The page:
Renault has nearly struck gold with the revised Twingo, broadening its appeal with some handsome new exterior looks

What is it?

Style is everything nowadays in the city car segment. It is no longer enough for cars like the Renault Twingo to merely offer a good value, solid dynamic package, when even rivals from Korea, such as the Kia Picanto, are starting to have greater visual appeal to the more fashion conscious motorist.

This revised version of the Twingo is Renault’s response to the segment’s trend. The Twingo gets a thoroughly contemporary exterior makeover as part of its mid-life revisions, along with some barely noticeable tweaks to the interior.

There’s also a response to the likes of the Citroen DS3, Fiat 500 and Mini with a much longer list of colour and trim options, designed to give an air of individuality to each Twingo that rolls down the production line.

What’s it like?

What Renault hasn’t made any revisions to is the chassis or powertrain line-up. So it’s business as usual in this Twingo, which remains a pleasantly polished dynamic proposition.

The ride quality was a particular highlight on our test car, which came equipped with optional 15in alloys. It was supple, composed and comfortable at all speeds, and didn’t have a tendency to send the shockwaves through the cabin one might expect of a car with large wheels and a short wheelbase.

The handling was also pleasing, with the lightweight 950kg Twingo showing a willingness to hold on and not wash away at the front end when pushed. Its slight tendency to roll, however, was heightened by a lack of grip offered from the driver’s seat. Another dynamic foible is the electric steering’s lifeless feel around the straight ahead.

As before, the base Twingo gets the 74bhp 1.2-litre petrol engine as fitted to our test car. The engine needs to be revved to make progress that could ever be described as swift. Indeed, the claimed 0-62mph time of 12.3sec felt somewhat optimistic. The anaemic engine also makes for a noisy companion at motorway speeds, proving to be fairly vocal sitting at around 3000rpm at 70mph.

One somewhat surprising feature given the noises coming from under the bonnet was the impressive economy. No matter how hard the engine worked, the Twingo never dropped below 48.0mpg, respectfully within reach of its 55.4mpg claimed figure.

While the styling changes have done wonders to lift the exterior of the Twingo, it’s disappointing the dowdy interior isn’t similarly fit for purpose. The perceived quality remains patchy and it’s a fairly miserable place to spend a journey with a lack of any real design flair those looking at the car from the outside benefit from. The driving position isn’t great for taller drivers, who will be hampered by the lack of reach adjustment from the steering wheel.

Should I buy one?

Renault has nearly struck gold with the revised Twingo, broadening its appeal with some handsome new exterior looks and keeping the excellent chassis and its fun-to-drive traits untouched. But the style conscious buyers Renault will be looking to attract will be put off by the interior and the enthusiast may be tempted to look elsewhere for the punch to match its poise.

Better news on the latter front is on the horizion: the Twingo is in line to get a torquey new 0.9-litre three-cylinder engine as its base powerplant next year.

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Renault Twingo Dynamique 1.2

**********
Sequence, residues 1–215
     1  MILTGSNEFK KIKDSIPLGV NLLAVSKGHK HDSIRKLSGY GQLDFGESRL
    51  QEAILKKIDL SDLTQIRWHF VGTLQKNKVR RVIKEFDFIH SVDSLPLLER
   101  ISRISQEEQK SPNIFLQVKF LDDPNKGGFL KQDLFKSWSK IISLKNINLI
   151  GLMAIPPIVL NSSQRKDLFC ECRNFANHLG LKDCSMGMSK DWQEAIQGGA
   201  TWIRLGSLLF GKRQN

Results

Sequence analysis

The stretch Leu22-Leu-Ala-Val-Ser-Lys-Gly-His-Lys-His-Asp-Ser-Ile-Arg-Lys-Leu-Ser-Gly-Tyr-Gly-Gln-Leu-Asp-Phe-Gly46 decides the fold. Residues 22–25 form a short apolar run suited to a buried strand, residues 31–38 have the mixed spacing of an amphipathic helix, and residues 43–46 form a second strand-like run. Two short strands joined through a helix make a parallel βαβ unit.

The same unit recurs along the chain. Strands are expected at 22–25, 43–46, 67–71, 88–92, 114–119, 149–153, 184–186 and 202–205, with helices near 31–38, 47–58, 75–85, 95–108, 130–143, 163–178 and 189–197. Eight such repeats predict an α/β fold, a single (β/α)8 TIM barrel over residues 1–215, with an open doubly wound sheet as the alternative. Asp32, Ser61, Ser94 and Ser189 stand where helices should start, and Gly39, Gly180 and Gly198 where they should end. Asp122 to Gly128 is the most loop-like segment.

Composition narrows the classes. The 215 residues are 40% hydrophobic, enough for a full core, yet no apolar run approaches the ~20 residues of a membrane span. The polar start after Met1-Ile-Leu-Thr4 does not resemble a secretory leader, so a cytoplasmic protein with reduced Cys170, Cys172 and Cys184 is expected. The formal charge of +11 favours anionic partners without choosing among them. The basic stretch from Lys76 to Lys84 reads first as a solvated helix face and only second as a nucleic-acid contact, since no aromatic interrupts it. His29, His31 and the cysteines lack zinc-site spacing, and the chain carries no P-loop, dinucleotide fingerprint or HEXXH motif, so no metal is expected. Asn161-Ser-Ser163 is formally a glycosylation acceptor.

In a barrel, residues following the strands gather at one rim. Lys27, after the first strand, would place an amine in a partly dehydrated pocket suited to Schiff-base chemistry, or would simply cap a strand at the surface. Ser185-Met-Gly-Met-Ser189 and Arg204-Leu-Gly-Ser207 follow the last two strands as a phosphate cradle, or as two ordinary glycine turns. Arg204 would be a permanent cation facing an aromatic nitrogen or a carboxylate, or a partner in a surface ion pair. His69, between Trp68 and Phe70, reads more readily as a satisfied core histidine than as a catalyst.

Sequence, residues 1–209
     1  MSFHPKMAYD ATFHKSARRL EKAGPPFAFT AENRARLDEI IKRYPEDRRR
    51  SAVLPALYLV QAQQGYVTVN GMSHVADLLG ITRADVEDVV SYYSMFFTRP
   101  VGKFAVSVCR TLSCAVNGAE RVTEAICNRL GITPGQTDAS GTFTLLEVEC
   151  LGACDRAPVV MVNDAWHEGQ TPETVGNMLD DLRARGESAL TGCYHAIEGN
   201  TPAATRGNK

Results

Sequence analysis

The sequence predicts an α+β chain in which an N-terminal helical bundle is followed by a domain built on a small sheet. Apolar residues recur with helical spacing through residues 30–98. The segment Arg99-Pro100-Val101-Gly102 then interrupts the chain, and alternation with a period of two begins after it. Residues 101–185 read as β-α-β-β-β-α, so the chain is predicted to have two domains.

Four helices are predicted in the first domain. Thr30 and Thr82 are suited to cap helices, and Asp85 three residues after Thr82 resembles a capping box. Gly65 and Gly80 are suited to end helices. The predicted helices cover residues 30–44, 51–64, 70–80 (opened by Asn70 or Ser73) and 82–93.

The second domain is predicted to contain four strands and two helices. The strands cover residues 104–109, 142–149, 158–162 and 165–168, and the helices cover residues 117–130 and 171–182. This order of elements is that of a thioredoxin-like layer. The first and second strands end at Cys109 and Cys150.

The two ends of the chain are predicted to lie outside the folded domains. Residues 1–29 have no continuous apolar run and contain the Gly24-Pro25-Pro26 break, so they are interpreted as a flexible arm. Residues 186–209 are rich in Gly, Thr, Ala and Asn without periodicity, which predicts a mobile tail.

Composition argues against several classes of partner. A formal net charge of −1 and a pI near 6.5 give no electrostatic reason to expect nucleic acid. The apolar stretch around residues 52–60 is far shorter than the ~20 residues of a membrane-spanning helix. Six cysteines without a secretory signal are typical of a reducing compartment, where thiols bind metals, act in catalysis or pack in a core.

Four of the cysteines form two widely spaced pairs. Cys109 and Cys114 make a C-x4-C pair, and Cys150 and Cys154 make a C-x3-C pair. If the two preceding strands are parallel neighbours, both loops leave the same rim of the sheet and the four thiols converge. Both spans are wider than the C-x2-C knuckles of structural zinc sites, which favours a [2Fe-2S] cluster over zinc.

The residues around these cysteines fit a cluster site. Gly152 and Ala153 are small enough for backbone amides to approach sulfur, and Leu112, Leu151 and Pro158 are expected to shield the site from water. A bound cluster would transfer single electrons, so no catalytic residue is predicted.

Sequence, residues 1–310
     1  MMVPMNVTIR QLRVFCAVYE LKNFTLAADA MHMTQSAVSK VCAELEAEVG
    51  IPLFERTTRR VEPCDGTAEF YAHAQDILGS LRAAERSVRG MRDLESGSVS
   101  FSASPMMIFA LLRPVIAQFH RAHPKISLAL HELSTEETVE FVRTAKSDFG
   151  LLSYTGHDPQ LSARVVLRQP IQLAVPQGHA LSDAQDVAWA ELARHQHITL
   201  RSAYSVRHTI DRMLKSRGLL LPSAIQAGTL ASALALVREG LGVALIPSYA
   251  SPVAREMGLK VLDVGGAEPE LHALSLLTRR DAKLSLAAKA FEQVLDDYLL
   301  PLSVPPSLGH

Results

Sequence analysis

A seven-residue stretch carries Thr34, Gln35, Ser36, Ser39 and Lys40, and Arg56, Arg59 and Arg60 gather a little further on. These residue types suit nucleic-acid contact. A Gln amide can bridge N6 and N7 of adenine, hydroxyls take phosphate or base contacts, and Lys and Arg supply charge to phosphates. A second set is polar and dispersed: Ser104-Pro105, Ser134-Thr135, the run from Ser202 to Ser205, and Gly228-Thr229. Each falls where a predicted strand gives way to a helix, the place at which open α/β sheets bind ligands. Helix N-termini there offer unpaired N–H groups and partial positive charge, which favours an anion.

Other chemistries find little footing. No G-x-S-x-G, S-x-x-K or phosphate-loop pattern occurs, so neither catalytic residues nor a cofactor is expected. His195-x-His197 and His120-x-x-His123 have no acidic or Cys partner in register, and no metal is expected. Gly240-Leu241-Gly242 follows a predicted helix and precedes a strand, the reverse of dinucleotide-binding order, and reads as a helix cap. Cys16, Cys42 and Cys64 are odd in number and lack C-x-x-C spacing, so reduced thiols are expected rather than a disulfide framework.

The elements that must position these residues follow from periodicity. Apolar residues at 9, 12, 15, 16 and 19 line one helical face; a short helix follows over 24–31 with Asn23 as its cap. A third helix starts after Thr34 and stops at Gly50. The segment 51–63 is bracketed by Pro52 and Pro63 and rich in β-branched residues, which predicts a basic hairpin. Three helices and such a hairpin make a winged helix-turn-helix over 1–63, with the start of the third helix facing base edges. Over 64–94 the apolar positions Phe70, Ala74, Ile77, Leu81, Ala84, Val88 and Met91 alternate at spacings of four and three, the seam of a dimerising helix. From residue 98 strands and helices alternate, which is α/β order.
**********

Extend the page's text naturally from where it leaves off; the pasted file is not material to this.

Price: £10,350; Top speed: 105mph; 0-62mph: 12.3sec; Economy: 55.4mpg; CO2: 119g/km; Kerb weight: 950kg; Engine: 4cyl, 1149cc, petrol; Power: 74bhp at 5500rpm; Torque: 79lb ft at 4250rpm; Gearbox: 5spd manual

Mark Tisshaw

Title: Editor

Mark is a journalist with more than a decade of top-level experience in the automotive industry. He first joined Autocar in 2009, having previously worked in local newspapers. He has held several roles at Autocar, including news editor, deputy editor, digital editor and his current position of editor, one he has held since 2017.

From this position he oversees all of Autocar’s content across the print magazine, website, social media, video, and podcast channels, as well as our recent launch, Autocar Business. Mark regularly interviews the very top global executives in the automotive industry, telling their stories and holding them to account, meeting them at shows and events around the world.

Mark is a Car of the Year juror, a prestigious annual award that Autocar is one of the main sponsors of. He has made media appearances on the likes of the BBC, and contributed to titles including What Car?Move Electric and Pistonheads, and has written a column for The Sun.

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Add a comment…
BriMarsh 1 January 2012

Re: Renault Twingo 1.2

What have they done? Reminds me of the dreadful Punto Evo "facelift".

Mart_J 29 December 2011

Re: Renault Twingo 1.2

I have to say that the original Twingo was a design classic, but can see how that wouldn't work in today's marketplace. Yet the relatively plain 2nd Gen Twingo I thought wasn't too bad. I find it strange that they can engineer a car of this size so well, yet the Megane in certain specs can be a mess but brilliant in others (generally the lower spec the better).

NAK 19 December 2011

Re: Renault Twingo 1.2

From the photographs it appears Renault have engineered wipers specifically for right hand drive. If true this is encouraging but I suspect that these are photos for a left hand drive that have electronically altered. If the former, well done Renault; if the latter the come on Autocar, you can do better than that!